Localization of Aggregatibacter actinomycetemcomitans cytolethal distending toxin subunits during intoxication of live cells.
ABSTRACT: The cytolethal distending toxin (Cdt), produced by some clinically important Gram-negative bacterial species, is related to the family of AB-type toxins. Three heterologous proteins (CdtA, CdtB, and CdtC) and a genotoxin mode of action distinguish the Cdt from others in this toxin class. Crystal structures of several species-specific Cdts have provided a basis for predicting subunit interactions and functions. In addition, empirical studies have yielded significant insights into the in vivo interactions of the Cdt subunits. However, there are still critical gaps in information about the intoxication process. In this study, a novel protein tagging technology was used to localize the subunits in Chinese hamster ovary cells (CHO-K1). A tetracysteine motif was engineered in each subunit, and in subunits with mutations in predicted functional domains, to permit detection with the fluorescein arsenical hairpin binding (FlAsH) dye Lumio green. Live-cell imaging, in conjunction with confocal microscopy, was used to capture the locations of the individual subunits in cells intoxicated, under various conditions, with hybrid heterotrimers. Using this approach, we observed the following. (i) The CdtA subunit remains on the cell surface of CHO cells in association with cholesterol-containing and cholesterol-depleted membrane. (ii) The CdtB subunit is exclusively in the cytosol and, after longer exposure times, localizes to the nucleus. (iii) The CdtC subunit is present on the cell surface and, to a greater extent, in the cytosol. These observations suggest that CdtC, but not CdtA, functions as a chaperone for CdtB entry into cells.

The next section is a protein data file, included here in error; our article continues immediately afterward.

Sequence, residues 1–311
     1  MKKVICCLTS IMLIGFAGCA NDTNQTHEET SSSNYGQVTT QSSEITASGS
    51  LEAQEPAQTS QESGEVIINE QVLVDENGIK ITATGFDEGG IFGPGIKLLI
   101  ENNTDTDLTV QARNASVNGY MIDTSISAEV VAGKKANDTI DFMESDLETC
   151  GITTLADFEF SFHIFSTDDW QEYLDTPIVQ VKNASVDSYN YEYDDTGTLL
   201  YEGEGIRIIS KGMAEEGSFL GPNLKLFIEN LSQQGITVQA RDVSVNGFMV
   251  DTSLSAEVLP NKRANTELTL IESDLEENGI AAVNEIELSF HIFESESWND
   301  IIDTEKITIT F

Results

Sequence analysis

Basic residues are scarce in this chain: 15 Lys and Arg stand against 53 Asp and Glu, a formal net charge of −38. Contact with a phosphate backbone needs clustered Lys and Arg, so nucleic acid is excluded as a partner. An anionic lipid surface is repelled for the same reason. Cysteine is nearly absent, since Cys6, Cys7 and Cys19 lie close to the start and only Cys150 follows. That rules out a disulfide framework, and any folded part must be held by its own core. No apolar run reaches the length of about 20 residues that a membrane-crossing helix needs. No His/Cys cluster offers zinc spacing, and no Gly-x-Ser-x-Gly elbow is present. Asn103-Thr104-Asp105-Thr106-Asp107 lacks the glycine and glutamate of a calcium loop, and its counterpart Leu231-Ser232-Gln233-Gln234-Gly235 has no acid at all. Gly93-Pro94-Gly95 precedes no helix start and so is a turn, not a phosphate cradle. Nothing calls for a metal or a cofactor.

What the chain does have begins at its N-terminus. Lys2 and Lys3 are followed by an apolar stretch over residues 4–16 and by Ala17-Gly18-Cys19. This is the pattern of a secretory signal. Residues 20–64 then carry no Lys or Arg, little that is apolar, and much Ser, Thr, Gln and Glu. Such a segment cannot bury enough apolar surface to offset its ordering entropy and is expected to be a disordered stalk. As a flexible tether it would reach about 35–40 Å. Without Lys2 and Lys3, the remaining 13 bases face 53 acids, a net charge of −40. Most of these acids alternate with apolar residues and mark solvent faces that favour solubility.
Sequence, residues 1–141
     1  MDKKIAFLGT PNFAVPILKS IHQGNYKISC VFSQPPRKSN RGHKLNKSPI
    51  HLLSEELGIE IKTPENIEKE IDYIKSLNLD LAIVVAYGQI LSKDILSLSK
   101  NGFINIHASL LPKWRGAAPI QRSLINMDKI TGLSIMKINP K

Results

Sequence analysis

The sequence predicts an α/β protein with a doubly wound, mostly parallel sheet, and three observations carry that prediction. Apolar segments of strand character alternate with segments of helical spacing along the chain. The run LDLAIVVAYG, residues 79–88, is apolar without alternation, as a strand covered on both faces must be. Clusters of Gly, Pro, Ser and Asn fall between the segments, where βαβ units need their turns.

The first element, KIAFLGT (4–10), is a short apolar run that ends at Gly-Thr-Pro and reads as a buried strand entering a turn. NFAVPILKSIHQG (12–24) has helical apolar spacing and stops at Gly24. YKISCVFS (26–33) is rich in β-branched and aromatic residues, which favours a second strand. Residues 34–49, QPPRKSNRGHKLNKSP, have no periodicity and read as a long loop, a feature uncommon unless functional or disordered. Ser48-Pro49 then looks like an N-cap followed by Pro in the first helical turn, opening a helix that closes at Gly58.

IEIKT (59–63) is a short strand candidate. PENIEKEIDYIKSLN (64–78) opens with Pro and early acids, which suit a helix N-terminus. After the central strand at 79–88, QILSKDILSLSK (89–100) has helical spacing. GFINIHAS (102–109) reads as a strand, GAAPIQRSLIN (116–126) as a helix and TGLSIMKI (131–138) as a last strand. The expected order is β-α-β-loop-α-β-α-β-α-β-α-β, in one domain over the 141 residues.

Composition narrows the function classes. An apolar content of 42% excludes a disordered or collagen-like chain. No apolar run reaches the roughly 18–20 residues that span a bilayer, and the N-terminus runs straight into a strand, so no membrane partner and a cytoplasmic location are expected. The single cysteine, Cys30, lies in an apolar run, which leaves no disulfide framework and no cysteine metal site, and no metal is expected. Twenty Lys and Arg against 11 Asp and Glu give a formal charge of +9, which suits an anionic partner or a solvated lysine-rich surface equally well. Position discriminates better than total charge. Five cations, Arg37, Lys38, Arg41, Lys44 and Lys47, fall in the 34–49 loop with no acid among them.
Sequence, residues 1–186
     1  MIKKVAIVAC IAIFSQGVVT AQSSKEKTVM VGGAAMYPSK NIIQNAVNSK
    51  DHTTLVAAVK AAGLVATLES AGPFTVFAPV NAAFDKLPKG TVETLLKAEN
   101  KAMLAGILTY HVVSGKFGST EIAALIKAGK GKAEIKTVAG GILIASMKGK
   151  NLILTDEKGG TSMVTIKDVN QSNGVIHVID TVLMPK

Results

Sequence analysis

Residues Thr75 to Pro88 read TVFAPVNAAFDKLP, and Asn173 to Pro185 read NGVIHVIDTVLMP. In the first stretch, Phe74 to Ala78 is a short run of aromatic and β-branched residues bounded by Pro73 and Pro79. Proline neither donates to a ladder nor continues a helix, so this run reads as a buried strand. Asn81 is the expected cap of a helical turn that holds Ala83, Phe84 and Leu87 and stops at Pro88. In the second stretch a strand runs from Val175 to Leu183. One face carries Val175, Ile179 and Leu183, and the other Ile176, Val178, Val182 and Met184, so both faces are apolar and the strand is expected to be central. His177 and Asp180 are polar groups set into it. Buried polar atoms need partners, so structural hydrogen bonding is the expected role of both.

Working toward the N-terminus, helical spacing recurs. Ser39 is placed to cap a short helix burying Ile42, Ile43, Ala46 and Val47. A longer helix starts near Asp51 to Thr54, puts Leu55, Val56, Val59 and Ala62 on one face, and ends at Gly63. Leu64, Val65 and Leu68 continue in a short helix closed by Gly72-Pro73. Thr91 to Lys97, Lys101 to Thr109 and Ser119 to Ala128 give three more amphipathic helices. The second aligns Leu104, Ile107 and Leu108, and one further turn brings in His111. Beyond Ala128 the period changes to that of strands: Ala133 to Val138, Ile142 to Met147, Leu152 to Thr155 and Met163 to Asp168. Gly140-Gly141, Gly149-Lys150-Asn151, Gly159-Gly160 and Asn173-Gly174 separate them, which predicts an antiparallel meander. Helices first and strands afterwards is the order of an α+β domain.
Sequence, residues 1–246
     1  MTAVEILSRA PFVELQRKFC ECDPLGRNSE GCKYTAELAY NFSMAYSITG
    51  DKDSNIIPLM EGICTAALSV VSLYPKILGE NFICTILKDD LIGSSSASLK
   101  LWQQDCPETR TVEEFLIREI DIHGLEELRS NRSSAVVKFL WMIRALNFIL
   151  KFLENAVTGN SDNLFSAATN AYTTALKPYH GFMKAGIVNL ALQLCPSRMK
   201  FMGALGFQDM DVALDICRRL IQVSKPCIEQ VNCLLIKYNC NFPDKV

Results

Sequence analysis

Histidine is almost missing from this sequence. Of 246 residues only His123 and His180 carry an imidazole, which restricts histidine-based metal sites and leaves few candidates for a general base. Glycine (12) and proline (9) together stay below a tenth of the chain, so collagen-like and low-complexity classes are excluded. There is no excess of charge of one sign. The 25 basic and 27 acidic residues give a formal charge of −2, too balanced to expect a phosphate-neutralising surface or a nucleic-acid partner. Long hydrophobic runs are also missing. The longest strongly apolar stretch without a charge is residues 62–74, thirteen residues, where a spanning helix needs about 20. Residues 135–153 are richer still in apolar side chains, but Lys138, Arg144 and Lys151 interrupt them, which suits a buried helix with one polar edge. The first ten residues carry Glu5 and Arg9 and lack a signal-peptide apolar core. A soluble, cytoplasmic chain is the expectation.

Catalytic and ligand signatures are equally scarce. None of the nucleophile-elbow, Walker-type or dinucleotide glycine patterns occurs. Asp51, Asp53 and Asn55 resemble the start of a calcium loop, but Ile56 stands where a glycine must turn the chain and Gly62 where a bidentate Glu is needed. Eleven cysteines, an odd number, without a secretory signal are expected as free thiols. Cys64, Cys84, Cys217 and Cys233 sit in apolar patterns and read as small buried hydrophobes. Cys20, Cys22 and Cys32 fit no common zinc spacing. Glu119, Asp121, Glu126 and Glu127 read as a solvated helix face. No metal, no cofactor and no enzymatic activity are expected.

Project description:Haemophilus parasuis is the causative agent of Glässer's disease of pigs, a disease associated with fibrinous polyserositis, polyarthritis and meningitis. We report here H. parasuis encodes two copies of cytolethal distending toxins (Cdts), which these two Cdts showed the uniform toxin activity in vitro. We demonstrate that three Cdt peptides can form an active tripartite holotoxin that exhibits maximum cellular toxicity, and CdtA and CdtB form a more active toxin than CdtB and CdtC. Moreover, the cellular toxicity is associated with the binding of Cdt subunits to cells. Further analysis indicates that CdtC subunit contains an atypical cholesterol recognition/interaction amino acid consensus (CRAC) region. The mutation of CRAC site resulted in decreased cell toxicity. Finally, western blot analysis show all the 15 H. parasuis reference strains and 109 clinical isolates expressed CdtB subunit, indicating that Cdt is a conservative putative virulence factor for H. parasuis. This is the first report of the molecular and cellular basis of Cdt host interactions in H. parasuis.